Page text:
BBC: Toxic legacy of economic growth

Author: Damian Grammaticas, BBC’s China correspondent

China has captured chunks of the global economy, creating jobs for millions. But doing things cheaply has come at a cost, with health and environmental issues on the rise along with economic growth.

Numerous denim factories have created jobs in the town of Xintiang – but residents say they have also polluted some of the town’s rivers.

In Xinglong in the south, resident Cao Jiangang is convinced that factories there are to blame for his 47-year-old mother’s liver cancer.

China’s next leaders are inheriting a toxic legacy. They have plans for cleaner growth, but that will be slower and more expensive. Here’s my report:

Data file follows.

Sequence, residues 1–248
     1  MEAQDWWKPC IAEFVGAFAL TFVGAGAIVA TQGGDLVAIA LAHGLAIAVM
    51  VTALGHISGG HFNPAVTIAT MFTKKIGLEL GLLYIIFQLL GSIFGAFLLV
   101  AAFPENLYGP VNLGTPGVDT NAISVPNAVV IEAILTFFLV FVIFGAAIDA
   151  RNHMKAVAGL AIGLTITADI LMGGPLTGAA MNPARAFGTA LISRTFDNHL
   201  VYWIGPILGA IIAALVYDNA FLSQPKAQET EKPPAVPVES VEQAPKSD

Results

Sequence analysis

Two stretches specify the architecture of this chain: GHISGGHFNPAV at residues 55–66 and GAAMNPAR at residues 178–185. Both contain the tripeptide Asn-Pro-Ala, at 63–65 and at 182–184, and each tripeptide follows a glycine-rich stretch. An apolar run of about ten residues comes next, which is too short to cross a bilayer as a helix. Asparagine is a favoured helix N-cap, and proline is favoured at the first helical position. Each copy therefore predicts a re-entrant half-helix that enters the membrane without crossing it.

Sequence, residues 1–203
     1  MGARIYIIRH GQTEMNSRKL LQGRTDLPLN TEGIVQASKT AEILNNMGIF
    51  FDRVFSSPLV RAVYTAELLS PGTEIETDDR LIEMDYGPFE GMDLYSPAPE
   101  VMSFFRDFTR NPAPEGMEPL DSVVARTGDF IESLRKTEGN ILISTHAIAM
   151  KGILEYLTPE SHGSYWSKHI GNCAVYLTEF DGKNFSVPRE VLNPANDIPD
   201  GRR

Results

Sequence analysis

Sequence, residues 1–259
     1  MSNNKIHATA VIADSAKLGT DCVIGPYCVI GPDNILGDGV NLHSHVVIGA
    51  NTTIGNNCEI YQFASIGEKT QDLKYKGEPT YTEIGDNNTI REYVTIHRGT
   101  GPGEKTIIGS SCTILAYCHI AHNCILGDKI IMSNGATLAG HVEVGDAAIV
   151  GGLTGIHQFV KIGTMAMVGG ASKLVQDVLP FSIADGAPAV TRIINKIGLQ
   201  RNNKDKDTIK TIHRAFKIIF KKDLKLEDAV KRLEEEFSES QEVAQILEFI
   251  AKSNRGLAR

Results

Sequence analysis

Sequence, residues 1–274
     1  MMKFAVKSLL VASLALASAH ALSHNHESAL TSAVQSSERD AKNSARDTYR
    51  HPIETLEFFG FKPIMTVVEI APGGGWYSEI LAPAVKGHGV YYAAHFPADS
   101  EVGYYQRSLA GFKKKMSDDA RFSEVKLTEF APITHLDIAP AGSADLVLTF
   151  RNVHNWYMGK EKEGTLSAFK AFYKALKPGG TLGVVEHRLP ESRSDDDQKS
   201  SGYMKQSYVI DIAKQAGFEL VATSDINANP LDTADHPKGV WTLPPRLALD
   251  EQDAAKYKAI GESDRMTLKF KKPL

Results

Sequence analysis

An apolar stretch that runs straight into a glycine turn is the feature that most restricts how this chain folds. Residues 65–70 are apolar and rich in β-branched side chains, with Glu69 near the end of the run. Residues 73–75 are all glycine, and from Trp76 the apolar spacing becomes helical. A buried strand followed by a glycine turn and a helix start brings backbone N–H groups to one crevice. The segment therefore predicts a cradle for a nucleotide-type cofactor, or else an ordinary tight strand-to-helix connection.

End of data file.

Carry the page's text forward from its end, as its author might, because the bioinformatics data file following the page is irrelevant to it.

[Please refer to the original link for the video]

What is the environmenal toll of China’s economic growth?


About Damian

Damian joined the BBC in 1994 as a trainee reporter for BBC Television News.

For the past decade he has worked as a foreign correspondent based in Hong Kong, Moscow and Delhi before moving to Beijing in 2009.

Damian grew up in Nairobi, Kenya, where he was born in June 1970.

He graduated from Corpus Christi College Cambridge in 1992 with a degree in English literature.


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